creatine's not protein based is it? it probably wouldn't have anything to do with your situatiion
      We don't need no stinking badges!

      If there ain't no waves, you ain't rowing!


      • #4
        Reb - creatine is a nitrogen-containing compound that combines with phosphate (which in turn creates a high-energy compound called creatine phosphate or phosphocreatine).

        The theory behind it is that the more creatine phosphate in the muscles, the higher the intensity at which an athlete can train.

        Creatine use and "protein in the urine" shouldn't be tied together. However, his concern re: kidney health, would also hold true for creatine use.


        • #5
          Thanks for the reply krj. I really do appreciate your post. I underwent a thorough re-test which came back completely negative of any protein and showed normal kidney and liver fuction. So, the first test was a "false postive finding" meaning that it was inaccurate. The doctor did recommend that before any future urine tests that I discontinue all supplements and alot of water, just to avoid posible problems.

          Again thanks for the info/concern krj.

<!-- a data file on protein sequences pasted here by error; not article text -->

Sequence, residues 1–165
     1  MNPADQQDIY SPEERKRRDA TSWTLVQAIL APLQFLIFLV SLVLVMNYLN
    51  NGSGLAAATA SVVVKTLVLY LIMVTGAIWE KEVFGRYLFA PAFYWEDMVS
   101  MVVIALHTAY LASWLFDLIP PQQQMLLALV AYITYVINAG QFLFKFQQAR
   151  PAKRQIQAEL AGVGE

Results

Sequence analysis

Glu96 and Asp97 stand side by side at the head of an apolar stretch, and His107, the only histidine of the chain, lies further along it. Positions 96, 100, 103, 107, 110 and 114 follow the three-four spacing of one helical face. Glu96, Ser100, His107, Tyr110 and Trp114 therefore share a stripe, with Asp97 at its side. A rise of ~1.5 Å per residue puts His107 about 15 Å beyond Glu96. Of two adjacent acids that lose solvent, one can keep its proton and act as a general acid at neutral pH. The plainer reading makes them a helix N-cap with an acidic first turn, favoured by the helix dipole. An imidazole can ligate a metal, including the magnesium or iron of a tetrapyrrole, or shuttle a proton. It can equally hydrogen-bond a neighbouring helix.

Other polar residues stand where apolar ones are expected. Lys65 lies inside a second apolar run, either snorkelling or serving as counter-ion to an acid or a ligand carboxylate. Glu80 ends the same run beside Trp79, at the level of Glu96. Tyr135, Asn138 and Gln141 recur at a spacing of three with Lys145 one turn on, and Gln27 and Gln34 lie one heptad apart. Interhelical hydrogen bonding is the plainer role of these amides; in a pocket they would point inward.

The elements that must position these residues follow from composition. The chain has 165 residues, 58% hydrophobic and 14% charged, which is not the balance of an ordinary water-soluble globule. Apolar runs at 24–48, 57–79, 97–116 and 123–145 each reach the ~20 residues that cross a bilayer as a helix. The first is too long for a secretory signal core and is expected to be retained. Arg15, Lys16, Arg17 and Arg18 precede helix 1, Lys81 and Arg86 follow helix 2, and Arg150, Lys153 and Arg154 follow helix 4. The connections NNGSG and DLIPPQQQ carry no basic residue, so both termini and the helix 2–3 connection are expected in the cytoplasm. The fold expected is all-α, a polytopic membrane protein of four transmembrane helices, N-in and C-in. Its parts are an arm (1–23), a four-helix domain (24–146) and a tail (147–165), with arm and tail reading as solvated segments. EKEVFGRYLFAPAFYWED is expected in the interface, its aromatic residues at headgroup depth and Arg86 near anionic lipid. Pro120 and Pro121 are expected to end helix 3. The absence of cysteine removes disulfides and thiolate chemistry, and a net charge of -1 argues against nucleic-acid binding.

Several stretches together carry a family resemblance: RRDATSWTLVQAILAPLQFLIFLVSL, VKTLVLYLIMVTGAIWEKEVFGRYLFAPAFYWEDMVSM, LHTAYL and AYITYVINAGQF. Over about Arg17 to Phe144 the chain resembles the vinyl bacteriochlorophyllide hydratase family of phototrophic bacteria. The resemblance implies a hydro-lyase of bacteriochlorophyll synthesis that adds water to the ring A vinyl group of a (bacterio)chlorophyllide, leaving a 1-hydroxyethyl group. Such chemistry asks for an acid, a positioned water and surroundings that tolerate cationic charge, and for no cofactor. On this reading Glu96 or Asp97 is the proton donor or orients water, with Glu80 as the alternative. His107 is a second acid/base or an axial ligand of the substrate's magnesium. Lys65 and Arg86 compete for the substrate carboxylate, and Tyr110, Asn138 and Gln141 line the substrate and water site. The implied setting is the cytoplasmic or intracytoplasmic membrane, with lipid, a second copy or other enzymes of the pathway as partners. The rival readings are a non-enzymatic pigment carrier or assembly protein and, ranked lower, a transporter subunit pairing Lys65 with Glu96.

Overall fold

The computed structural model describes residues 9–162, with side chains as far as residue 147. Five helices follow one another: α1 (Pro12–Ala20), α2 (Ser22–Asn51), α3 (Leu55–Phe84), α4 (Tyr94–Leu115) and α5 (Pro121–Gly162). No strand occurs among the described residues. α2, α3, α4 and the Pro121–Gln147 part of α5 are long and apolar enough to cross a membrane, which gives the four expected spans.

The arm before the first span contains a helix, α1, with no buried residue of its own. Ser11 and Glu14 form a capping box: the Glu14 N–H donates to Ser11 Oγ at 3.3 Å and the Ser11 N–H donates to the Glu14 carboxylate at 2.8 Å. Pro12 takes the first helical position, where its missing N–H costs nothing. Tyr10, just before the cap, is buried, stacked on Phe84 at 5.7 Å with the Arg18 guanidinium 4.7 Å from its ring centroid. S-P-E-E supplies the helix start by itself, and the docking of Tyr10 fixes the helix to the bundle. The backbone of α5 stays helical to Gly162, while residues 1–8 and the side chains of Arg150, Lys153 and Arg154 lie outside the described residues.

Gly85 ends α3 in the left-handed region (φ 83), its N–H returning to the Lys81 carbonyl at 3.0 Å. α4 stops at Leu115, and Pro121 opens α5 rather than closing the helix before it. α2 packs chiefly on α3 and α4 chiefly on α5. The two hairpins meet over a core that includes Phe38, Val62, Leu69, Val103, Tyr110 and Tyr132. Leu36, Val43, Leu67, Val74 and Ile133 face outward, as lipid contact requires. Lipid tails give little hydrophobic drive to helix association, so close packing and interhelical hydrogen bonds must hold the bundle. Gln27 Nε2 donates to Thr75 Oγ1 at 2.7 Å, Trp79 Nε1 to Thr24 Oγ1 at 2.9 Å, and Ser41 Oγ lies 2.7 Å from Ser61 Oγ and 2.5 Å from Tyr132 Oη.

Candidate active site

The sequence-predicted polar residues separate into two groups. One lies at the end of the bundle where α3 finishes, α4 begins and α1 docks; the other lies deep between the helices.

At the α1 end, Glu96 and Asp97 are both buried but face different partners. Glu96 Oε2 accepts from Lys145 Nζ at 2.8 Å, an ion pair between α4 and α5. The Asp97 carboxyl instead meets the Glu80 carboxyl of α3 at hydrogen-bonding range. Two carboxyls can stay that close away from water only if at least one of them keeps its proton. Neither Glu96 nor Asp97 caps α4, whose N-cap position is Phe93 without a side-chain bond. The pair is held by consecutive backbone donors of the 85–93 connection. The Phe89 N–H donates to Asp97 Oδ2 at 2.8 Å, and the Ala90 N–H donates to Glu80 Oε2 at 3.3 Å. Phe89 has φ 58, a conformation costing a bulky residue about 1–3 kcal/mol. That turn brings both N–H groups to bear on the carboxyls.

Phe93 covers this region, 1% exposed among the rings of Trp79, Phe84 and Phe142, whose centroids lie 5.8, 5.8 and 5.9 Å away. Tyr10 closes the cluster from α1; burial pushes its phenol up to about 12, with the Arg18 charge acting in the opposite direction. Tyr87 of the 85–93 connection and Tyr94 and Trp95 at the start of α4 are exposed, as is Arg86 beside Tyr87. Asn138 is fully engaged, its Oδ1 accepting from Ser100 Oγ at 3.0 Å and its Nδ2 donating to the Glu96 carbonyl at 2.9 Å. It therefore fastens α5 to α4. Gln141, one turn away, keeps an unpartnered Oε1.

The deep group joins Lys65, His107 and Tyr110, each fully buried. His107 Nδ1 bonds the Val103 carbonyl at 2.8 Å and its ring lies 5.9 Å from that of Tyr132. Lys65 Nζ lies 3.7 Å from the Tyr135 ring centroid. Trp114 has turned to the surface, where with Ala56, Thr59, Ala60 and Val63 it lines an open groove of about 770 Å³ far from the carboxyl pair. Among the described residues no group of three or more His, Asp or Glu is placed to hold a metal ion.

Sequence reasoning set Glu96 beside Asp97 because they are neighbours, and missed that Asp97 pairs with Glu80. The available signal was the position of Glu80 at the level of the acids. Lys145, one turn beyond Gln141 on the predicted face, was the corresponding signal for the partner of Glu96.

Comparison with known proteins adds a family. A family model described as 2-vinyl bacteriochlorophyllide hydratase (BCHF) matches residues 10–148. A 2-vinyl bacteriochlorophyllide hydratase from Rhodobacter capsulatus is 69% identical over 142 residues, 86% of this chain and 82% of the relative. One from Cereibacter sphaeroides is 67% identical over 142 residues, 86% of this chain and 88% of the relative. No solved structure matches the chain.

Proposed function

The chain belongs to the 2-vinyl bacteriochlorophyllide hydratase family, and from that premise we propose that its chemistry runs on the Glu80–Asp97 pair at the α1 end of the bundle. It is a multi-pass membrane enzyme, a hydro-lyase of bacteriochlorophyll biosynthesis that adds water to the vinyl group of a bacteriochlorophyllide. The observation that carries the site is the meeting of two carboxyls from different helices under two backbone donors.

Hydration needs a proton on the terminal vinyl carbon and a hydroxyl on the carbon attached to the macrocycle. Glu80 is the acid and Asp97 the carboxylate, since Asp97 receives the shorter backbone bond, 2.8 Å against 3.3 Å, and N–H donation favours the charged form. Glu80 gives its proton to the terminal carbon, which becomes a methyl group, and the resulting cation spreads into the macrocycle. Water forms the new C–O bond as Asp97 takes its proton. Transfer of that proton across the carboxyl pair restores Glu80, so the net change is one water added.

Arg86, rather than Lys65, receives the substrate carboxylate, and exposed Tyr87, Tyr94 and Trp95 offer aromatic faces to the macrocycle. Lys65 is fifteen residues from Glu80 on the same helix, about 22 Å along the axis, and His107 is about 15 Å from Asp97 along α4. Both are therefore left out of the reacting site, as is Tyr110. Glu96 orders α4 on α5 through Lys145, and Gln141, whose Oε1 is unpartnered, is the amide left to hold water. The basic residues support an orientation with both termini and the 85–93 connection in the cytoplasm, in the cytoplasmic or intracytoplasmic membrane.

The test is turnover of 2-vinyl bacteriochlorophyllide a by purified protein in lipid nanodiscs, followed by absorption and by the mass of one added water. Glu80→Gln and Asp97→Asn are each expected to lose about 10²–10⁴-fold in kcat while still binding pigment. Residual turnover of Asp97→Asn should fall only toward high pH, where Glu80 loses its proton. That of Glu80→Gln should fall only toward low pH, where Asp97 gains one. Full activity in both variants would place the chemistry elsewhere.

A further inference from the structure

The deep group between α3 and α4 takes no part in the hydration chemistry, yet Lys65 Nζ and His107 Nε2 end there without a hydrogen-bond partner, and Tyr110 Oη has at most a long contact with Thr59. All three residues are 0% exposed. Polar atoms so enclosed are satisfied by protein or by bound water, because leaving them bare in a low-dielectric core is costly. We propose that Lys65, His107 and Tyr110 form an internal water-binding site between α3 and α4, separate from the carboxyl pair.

"I saw a fat woman wearing a sweatshirt with 'Guess' on it. I said, 'Thyroid problem?'" - Arnold Schwarzenegger


          • #6
            Sam - GREAT NEWS!! Best of luck with the rest of the application process!

            I have a "Post Script" to your experience (and this is NOT meant as a criticism - just want to throw it out there because I think it's good advice).

            I want to strongly suggest that if anyone here ever has any serious health concerns, that they don't just take the advice of people on an internet forum (even if one of those people is ME ).

            Do other research on the 'net to get additional info, or suck it up and go to the doctor.

            This forum is a good place to start when it comes to getting decent information, but I just don't want y'all to use it as your ONLY source - particularly when dealing with issues as important as your health.
            Last edited by krj; 02-13-2004, 08:31 PM.